April 1938 ( June)- A new era in Comics is born as the first makes his debut appearance. Action Comics #1 is composed of 64 pages, containing several different stories including: Adventures of Marco Pollo, Sticky-Mitt Stimson Story, The International Jewel Thief and many more. But of course we all know that none of them made as much impact as: “ , champion of the oppressed. The physical marvel who had sworn to devote his existence to helping those in need!” Heh. Gotta love the Golden Age. ^_^
This is considered by many as the most valuablein existence.The lowest appraisal I found (for a near- ) was at $440,000USD. Not bad for a comic book eh?
Action Comics #1’s cover has been solidified as one of the most iconic images in the Geekiverse, making numerous appearances in comics as well as movies. These are some of my favorites:
CLOCKWISE FROM LEFT: Action Comics #1 Original Cover (Reprint), Kal-L vs. Kal-El ( #5), Bizarro: Escape from (Action Comics #857), Superman Returns (2006)
In June, 1938, Superman, the most famous, and first, superhero of them all made his debut in the pages of Action Comics #1 and so launched the Golden Age. His story however, begins much earlier.
Picture it: Cleveland, 1933. One hot summer night in Cleveland, Jerry Siegel, still a child, unable to sleep, lie awake fantasing, not of girls or cars, but of a new breed of comic. Inspired by Philip Wylie’s 1930 novel Gladiator and science-fiction pulps, he dreamed of a futuristic man with incredible powers. As Jerry tells it, the Superman concept came to him piece by piece over the night. He would rise from bed and scribble down each detail as it came to him, and when morning came, he had a complete story. Having now fully realized his hero, Jerry quickly ran the 12 blocks to his buddy Joe Shuster‘s home at first light. Joe quickly became just as excited, and they immediately began developing the script.
The early Superman seems heavily drawn from Gladiator, where the hero has superstrength, is able to leap 40 feet high, and watches bullets bounce off his chest. He also was inspired by the pulp hero Doc Savage, who was advertised at the time at “Superman Doc Savage, man os Master Mind and Body.”
Over the rest of the year Joe continued to draw more of Jerry’s scripts and the character, originally conceived as a villian hellbent on conquering the world, evolved into a hero, though he still had no name. He was eventually named and his appearance refined, with the duo immediately settling upon the initial costume design.
The conception finished, and the strips done, Joe and Jerry now set out to sell their new creation to newspapers, planning on syndication. The road was not a smooth one. Both frustration and rejections began piling up. Being a radical new idea, editors were reluctant to try it. Bell Syndicate told them, “We are in the market only for strips likely to have the most extra-ordinary appeal, and we do not feel Superman gets into this catagory.” United Features responded that Superman was “a rather immature piece of work.”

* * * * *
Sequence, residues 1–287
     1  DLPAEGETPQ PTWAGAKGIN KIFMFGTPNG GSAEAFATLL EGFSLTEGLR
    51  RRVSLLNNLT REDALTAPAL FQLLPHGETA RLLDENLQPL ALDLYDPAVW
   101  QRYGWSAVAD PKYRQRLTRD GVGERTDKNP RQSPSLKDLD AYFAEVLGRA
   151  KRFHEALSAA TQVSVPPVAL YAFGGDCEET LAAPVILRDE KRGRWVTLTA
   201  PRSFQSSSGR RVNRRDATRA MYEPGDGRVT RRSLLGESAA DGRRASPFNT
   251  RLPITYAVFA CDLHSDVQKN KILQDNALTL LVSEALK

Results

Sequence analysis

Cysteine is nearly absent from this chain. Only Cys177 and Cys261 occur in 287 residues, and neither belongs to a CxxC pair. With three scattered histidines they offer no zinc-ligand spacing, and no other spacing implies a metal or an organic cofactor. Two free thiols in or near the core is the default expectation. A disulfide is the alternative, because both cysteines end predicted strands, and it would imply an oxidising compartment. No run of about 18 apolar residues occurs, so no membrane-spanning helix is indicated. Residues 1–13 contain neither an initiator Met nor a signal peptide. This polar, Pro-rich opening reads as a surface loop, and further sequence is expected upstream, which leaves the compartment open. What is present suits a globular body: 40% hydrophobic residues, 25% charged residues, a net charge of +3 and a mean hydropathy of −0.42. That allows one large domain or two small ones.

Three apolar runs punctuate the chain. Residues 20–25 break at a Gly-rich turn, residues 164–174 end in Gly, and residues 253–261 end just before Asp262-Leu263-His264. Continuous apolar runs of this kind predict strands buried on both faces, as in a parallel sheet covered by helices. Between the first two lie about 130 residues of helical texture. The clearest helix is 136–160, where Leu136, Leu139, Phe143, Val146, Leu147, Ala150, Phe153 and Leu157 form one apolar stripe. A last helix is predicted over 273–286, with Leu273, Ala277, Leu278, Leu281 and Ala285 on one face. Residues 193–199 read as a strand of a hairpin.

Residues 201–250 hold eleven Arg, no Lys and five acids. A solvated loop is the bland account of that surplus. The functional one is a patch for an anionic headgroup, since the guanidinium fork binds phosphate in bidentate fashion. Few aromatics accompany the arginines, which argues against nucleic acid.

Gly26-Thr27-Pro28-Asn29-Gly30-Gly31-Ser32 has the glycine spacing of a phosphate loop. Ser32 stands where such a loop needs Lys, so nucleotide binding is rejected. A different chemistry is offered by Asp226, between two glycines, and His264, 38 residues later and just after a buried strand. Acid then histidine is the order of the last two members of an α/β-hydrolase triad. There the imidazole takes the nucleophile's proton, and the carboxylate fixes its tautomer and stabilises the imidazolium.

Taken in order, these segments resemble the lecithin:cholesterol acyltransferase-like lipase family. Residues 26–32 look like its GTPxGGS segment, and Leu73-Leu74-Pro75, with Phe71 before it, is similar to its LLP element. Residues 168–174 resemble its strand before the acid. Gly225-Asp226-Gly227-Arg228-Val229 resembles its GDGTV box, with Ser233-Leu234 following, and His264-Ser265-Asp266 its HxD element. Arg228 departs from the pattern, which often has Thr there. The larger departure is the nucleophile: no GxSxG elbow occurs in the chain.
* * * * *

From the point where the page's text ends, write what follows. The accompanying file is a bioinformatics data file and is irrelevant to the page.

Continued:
The strip made it’s way into the hands of McClure Syndicate editor Sheldon Mayer who immediately fell in love with it. About the same time, Harry Donenfield of DC Comics, looking to publish a new anthology title, he contacted Gaines, Mayer’s boss, looking for additional material. Having listened to Mayer praise this new strip idea, Gaines took it to Donenfield. Donenfield had already bought some work from Siegel and Shuster, particularly Federal Men, Slam Bradley, and Dr. Occult, so he wasn’t completely unfamiliar with Joe and Jerry. He bought the strip and signed them to a standard release of rights. He told them to rewrite some of what he had seen and gave them just three weeks to complete the thirteen page story and paid them $10 a page. Those thirteen pages would be Superman’s first appearance. Action Comics No. 1. Finally, five years after his conception, Superman was born.
Needing to save space, Donenfield ordered that the beginning of the story be cut, making it appear as the story was starting in the middle when published in Action Comics. The following year, in Superman No. 1, the pages would be reprinted completely.
Superman continued to appear in Action Comics, but only appeared on the covers of No. 7-10, 13, 15, and 17 after DC was told people were looking for the comic with Superman in it. Sales approached 500,000, double the average 250,000. From No. 19 onward, he has been on nearly every cover. His powers have changed since his first early appearances. It first he could not fly, only leap tall buildings in a single bound. He could outrun a train. Though not invulnerable, bullets merely bounced off his chest. He had no X-ray power.
On January 16, 1939 Superman first appeared in a newspaper strip. By 1941, over 300 newspapers were publishing the daily Superman strip. Shuster continued drawing Superman until 1947. After those few early issues, they were paid $500 per 13 page story as well as a small part of merchandizing royalties. Siegel began a lengthy and bitter right for the rights to Superman, ending with DC attaching “created by Siegel & Shuster” to all Superman stories and paying them an annual stipend. Joe Shuster died in 1992.
Thanks to Derek for this!